Comment Two contradictory ideas run through statements by Microsoft executives this week.
One is that if the company focuses on growth areas in enterprise, without expensive distractions, then revenue and profits shoot through the roof. That much is evident in the fiscal '18 earnings. Microsoft made the cloud another platform, and as the world dismantled its in-house IT, has been able to hoover up the fat margins made by integrators and consultancies.
So by this argument, if Microsoft eschews lifestyle products and services, it's relevant again!
The other, though, is the nagging feeling that without a strong consumer or lifestyle presence, Microsoft risks becoming a Wang or a Computer Associates – a B2B brand miles from the bleeding edge. The "consumerisation of IT" over the past two decades has rewarded companies that engage with tech-savvy professionals who bypass their fading IT departments, and introduce new technology products and services into their organisation. It's punished companies who don't.
So by this argument, if Microsoft embraces lifestyle products, it's relevant again!
You don't need to be Aristotle to see that resolving these two important strategic trends requires nimble footwork. It's not surprising that Microsoft wants to have its cake and eat – it always has. The original "computer on every desktop and in every home" mantra retrofitted to Bill Gates hasn't entirely given way to more modern waffle about cloud empowerment and experience (rearrange those buzzwords any way you see fit, dear reader). So in recent years Microsoft repeatedly emphasised that people took their work home with them, for example. That was a rhetorical stretch that spanned enterprise and the home, sort of.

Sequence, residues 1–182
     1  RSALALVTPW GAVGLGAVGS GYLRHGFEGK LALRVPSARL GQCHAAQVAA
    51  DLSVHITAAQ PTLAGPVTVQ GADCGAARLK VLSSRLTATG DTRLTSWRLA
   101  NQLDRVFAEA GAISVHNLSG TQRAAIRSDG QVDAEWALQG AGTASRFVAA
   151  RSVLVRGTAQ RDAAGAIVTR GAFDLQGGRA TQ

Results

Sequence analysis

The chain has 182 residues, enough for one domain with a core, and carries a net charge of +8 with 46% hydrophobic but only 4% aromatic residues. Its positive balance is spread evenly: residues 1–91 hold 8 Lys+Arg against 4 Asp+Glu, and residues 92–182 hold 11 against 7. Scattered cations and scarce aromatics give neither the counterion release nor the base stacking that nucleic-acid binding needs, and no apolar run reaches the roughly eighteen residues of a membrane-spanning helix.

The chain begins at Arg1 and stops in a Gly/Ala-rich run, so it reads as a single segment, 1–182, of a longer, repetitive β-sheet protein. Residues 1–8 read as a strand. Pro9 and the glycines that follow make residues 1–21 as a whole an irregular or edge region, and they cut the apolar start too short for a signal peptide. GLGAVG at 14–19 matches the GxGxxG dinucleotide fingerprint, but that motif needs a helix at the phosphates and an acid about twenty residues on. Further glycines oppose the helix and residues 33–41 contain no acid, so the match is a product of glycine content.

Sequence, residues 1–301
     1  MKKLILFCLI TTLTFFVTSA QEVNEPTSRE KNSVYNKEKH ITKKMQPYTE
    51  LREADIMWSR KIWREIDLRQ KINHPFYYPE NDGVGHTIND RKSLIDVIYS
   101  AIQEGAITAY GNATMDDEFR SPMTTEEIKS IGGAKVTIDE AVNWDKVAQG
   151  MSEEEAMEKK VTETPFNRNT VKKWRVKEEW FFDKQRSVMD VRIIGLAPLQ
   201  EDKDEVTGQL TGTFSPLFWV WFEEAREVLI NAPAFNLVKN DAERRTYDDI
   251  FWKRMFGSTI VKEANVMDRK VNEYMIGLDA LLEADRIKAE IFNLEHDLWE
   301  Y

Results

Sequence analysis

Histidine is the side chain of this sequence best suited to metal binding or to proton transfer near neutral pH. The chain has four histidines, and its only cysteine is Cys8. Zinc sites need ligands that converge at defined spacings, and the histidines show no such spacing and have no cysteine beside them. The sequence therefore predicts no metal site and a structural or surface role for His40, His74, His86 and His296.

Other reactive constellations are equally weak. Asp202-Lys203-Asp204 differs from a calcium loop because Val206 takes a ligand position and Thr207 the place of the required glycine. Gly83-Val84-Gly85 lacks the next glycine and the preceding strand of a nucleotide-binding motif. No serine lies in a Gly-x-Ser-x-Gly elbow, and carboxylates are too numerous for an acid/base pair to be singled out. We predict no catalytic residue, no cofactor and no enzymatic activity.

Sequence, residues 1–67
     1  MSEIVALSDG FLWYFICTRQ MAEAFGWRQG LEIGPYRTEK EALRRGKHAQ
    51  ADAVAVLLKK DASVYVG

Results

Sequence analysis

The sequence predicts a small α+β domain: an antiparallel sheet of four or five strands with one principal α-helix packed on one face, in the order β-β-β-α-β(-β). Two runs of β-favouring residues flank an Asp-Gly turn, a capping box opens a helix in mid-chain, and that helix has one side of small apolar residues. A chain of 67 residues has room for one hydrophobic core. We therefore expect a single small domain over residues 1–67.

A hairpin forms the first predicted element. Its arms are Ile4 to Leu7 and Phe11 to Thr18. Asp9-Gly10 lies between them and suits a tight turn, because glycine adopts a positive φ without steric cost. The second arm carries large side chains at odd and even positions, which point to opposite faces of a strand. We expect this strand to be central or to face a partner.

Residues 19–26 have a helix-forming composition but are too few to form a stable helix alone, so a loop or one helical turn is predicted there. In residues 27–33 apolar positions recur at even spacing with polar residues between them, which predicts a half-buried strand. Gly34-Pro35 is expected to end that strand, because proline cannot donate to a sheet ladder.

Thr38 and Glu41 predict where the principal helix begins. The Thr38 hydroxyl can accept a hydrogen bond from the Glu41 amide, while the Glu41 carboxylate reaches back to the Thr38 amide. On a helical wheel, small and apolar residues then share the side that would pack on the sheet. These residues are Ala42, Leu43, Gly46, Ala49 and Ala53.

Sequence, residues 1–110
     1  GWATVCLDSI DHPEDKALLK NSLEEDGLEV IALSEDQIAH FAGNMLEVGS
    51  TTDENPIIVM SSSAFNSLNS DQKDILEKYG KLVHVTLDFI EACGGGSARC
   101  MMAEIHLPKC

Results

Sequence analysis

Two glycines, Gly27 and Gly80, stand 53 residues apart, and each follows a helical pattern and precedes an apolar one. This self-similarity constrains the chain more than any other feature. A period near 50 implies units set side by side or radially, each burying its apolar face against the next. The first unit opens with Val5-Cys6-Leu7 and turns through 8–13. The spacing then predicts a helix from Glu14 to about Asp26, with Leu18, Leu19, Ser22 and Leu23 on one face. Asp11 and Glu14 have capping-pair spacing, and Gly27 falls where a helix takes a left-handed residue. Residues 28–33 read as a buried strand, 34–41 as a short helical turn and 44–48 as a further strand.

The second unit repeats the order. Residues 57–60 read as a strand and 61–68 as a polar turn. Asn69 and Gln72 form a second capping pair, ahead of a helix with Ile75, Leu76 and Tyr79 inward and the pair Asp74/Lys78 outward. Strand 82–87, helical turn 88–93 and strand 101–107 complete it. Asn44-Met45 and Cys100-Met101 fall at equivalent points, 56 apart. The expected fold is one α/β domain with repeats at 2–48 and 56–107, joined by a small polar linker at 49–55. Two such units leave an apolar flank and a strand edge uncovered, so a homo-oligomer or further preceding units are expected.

On the earnings call, we found Microsoft CEO Satya Nadella talking up how people use Office at home now. This is actually a great example of making Office so cheap that more people use it. There's no point even in pirating it, an Office family pack is much cheaper than the household Netflix sub. (Adobe too has made subscription access so cheap that pirating seems petty.)
"Office consumer revenue increased 8 per cent and 6 per cent in constant currency, driven by recurring subscription revenue and growth in the subscriber base, now at 31.4 million," but that was lip service really – the only mention of "consumer" in the entire call. And the L-word ("lifestyle") wasn't mentioned once.
From Mary Jo Foley we learn that the desire still burns bright. Last month Microsoft appointed Yusuf Mehdi as "Corporate VP of Modern Life and Devices" and it's Yusuf's job to square the circle.
His biggest problem, Mary Jo drily noted, is Microsoft itself.
If you were a user of the impressive raft of bundled PC products ranging from a video editor to home PC security to email to blogging – have a look – then you'll have been burned. If you invested in Zune and Windows music, you'll have been burned (several times over). If you bought into Microsoft's attractive consumer-friendly phone platform, you'll have been burned. If you thought you'd compliment that with a sophisticated fitness band, you'll have been burned.
And I'll be kind, and not even mention this:
And certainly not this:
Thanks to Xbox, Microsoft is still a household name and brand. Surface has enhanced that brand with affluent and creative professionals. With a budget education Surface, that appeal will widen. This as ever is a good platform on which to target those influential "prosumer" types.
But Microsoft is sorely lacking the services and clever and useful ideas that people might actually use on a daily basis, no matter where they work. Any ideas? It looks like Redmond could use some.
Otherwise, we can expect to see Microsoft increase its focus on cloud and enterprise and value-added business services, like analytics. It would be daft not to. Yusuf Mehdi must have the least enviable job in Redmond. ®